Sunday, December 10, 2006

Paintings from Photographs

There is an age old debate on whether it's ok to paint from photographs. The argument against it is often that by simply copying what one sees, there is no artistic interpretation involved in the process, merely copying. Aside from the obvious fact that the artist makes numerous decisions on how to treat the image being 'transcribed' to canvas, such as the medium used, the technique employed and the saturation or lack thereof of color involved, the artist also chooses whether to render that image faithfully, or to interpret it differently.

A simple photograph takes a relatively short time to render to film. In some circumstances it can take minutes or hours to get a specific image. By contrast, the painter can take hours or days or even months to put that image to canvas. He can also choose to emphasize certain elements in the image, or enhance certain attributes, such as the quality of the light or the clarity of the image presented.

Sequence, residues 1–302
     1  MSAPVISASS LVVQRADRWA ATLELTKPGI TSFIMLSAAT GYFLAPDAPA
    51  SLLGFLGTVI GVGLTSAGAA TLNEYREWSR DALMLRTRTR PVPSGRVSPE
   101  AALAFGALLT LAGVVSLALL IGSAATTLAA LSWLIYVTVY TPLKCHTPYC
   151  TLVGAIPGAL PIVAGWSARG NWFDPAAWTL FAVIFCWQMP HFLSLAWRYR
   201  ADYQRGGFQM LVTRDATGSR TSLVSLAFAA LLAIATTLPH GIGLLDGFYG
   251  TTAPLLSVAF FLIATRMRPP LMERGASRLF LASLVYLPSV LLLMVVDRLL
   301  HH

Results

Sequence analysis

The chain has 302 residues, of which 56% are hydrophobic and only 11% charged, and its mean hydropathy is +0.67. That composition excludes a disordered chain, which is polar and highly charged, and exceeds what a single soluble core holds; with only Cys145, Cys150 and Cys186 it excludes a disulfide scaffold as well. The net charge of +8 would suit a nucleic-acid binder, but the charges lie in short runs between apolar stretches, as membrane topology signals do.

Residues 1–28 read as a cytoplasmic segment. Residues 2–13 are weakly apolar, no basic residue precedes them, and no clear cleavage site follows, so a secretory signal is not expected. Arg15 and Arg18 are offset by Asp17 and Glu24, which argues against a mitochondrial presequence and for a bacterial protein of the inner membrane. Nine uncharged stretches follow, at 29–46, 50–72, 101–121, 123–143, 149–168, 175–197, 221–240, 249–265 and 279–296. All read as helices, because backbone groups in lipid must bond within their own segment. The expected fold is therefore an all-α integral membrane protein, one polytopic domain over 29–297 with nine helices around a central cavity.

Quite aside from all of this, the simple (or complicated) act of painting the image, changes it. Unless one is going for complete photo-realism (which is an artisitc process itself and has merits all it's own), the image is altered from the photographic one. There is the hand of the artist in the work. The brushstrokes, the depth of the color, the turn of the paint on the surface makes the piece immediately different from the photograph. It also makes it a unique piece. Though one could turn to the photograph and say, "there, that is the same image", it is not. That is a photograph, this is a painting. You canreproduce the painting, but it would still be a second painting. Perhas its value would be lessened somewhat, but is the second or third version of Munch's "The Scream" less valuable for it's being a secondary or tertiary interpretation? No, they are separate pieces, viewed as their own entities, almost as part of a series.

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